By Manuel E. Yepe
Exclusive for the daily POR ESTO! of Merida, Mexico.
Translated and edited by Walter Lippmann.
The surprising performance of veteran Senator Bernie Sanders in the 2016 presidential elections and the disappointing performance at the top post by the unpredictable Donald Trump have stimulated a very large part of the US public – especially (but not only) Democratic Party supporters – to believe that the United States needs a Sanders and a new party.
Many of those who reason in this way believe that the old Vermont politician should take up the challenge to defeat Trump in 2020, with or without the backing of the machinery of the historic “donkey” party. Others feel that the energy of a younger leader who would take up the ideological banner of the old Sanders, with the support of a new party with or without Bernie, should be available.
These and many other variations have in common the assumption that the current President Donald Trump has already dug the grave of the Republican party and his own with his performance in the first two years of his catastrophic term.
According to the most credible polls, about 60% of U.S. voters in general, and nearly 80% of those who are not affiliated with either of the two major parties, are in favor of the emergence of a new party of majorities.
Writing in the Huffington Post, September 27 of last year, writer and journalist Gail Mellor quoted Sanders’ words calling for “the unity of the vast majority of Americans to survive together, because if we start divided, we will not succeed”. However, she recalls that at least four times in the last two years, when she has been ready to start up a new progressive party, it has been Bernie himself who has blocked it.
According to Mellor, Sanders has been working to unify the deeply-divided and corrupt Democratic party – to which he himself does not belong – but, in practice, his position has not contributed to the rise of a new progressive political force with the potential to come to the forefront of the country’s leadership. This is because he has insisted on the survival of the Democratic Party with a different set of policies as a prerequisite.
The main support Bernie Sanders had when he aspired to the White House came from “Generation Y,” also called “the millennials,” names demographers and researchers give to people born between 1980 and the early years of the new 21st century, who represent 28% of United States voters today.
He sought the Democratic presidential nomination in 2016 because young progressives from that party dragged him into an effort to clean up U.S. politics, end ongoing wars, restore social safety nets and confront climate change. They had not been able to recruit someone at the national level of the Democratic or Republican parties to lead the fight for this agenda who was not receiving money from global corporations.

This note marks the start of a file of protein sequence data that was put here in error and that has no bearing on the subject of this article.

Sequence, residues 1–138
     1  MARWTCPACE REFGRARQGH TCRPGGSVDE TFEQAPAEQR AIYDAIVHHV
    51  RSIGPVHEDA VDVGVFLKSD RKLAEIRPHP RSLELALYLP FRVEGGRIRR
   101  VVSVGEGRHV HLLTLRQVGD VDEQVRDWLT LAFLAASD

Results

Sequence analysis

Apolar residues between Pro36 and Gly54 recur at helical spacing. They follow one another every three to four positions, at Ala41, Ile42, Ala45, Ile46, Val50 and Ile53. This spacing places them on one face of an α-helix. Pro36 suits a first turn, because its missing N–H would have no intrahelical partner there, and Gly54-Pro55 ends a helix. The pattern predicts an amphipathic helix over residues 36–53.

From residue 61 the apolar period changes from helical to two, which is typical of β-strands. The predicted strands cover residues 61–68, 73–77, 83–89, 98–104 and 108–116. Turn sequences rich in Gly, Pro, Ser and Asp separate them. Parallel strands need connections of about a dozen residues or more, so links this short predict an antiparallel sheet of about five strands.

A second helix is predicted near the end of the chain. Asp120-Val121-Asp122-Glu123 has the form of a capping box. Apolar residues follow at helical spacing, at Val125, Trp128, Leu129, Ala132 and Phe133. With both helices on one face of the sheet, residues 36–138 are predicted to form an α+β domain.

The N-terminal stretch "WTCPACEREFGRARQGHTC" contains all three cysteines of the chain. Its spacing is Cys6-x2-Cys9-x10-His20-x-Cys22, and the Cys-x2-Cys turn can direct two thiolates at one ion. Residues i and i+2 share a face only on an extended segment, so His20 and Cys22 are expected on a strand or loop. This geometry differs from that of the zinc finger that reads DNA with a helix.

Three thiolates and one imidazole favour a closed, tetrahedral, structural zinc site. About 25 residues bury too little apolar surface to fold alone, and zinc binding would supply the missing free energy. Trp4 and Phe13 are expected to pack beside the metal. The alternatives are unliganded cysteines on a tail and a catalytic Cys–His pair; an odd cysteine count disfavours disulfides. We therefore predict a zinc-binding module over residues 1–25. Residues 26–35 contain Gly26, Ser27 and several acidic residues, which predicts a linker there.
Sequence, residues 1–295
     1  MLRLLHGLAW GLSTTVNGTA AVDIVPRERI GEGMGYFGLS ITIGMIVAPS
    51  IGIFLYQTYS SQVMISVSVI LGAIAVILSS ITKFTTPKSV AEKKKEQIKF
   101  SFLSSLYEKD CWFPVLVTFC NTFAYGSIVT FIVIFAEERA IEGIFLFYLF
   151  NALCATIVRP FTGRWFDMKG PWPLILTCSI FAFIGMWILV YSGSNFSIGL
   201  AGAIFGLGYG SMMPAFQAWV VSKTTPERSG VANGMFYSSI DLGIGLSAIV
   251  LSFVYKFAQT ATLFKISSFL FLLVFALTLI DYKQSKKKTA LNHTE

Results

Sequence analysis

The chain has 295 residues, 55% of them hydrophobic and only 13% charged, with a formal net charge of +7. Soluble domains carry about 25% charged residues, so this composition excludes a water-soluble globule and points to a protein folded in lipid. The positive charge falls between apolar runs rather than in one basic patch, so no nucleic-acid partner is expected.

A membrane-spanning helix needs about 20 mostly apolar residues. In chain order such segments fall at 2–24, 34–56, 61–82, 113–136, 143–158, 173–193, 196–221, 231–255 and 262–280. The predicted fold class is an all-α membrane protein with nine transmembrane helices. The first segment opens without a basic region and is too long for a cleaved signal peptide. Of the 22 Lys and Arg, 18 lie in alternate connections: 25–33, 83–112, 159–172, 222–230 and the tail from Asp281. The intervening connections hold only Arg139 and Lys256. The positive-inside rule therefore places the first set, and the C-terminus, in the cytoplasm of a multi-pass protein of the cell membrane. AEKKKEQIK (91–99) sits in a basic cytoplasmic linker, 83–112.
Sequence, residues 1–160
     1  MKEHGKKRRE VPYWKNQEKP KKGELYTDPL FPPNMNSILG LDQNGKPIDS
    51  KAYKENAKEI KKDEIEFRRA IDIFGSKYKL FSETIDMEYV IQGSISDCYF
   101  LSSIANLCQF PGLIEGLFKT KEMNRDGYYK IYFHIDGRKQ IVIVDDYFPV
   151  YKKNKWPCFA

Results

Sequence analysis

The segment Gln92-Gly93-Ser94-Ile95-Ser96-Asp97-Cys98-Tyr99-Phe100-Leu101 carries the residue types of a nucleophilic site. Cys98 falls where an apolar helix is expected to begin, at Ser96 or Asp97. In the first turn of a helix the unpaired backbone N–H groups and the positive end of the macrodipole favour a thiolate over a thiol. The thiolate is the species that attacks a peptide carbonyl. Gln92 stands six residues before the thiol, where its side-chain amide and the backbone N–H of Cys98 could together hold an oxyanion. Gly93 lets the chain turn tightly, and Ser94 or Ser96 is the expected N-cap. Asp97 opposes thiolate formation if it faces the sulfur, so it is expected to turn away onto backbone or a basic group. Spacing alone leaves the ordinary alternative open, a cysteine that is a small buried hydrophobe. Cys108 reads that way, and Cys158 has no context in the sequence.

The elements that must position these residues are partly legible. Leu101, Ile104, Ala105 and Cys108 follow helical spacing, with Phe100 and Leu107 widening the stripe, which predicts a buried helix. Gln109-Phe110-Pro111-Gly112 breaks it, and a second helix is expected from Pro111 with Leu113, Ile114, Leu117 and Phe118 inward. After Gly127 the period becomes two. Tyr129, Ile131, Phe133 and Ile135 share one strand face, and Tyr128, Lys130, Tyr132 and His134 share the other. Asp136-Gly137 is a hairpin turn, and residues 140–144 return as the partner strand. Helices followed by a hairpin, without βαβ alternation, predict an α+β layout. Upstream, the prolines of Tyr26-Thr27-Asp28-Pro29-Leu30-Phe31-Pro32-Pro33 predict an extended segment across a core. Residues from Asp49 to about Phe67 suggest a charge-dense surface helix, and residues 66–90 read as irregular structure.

Sanders, an independent (non-partisan), had held state and federal office without party or corporate backing for 42 years. Despite being a convincing, passionate and well-informed politician, he was a stranger at the national level.
It was the millennials of the Democratic Party and its environment, the supporters of the country’s withdrawal from imperialist activity, of a policy of cultural and political change, and of the reorientation toward social democracy, who made him a national public figure and led him to compete for the Democratic Party’s nomination for the White House.
Although formally independent, Bernie acted as a Democrat because he was aware that the two dominant parties of the system had closed access to the Presidency of the nation to anyone who did not do so through them. The Democrats welcomed Sanders as their candidate because he gave the party’s primary campaign an illusion of competition that would help its already elected candidate to legitimize herself.
The Democratic National Committee (DNC) calculated that Hillary Clinton would easily beat Trump because she had a huge amount of corporate money, while Sanders, with the support of young progressives, was able to gather, in a short time, large crowds for Hillary Clinton campaign rallies.
It seems obvious that Sanders dreams of the possibility of taking the Democratic Party over, at the head of a vigorous minority movement. This would not be an easy thing to achieve but there remains the alternative, feared by the neoliberals of the party, of going on to the formation of a new independent progressive party.
June 4, 2018.
By Juventud Rebelde
A CubaNews translation.
Edited by Walter Lippmann.
President of the Councils of State and Ministers, Miguel Diaz-Canel Bermudez, received Republican Senator Jeff Flake and Google’s Executive President Eric Emerson Schmidt on Monday afternoon. During the meeting, they exchanged views on the status of bilateral relations between Cuba and the United States, as well as possible areas of cooperation of mutual interest. The distinguished visitors were accompanied by the United States Chargé d’affaires in Cuba, His Excellency Philip Goldberg. On the Cuban side, the Minister of Foreign Affairs, Bruno Rodríguez Parrilla, and the United States Director General of the Foreign Ministry, Carlos Fernández de Cossío Domínguez, were present.
By Gisselle Morales
Translated and edited by Walter Lippmann for CubaNews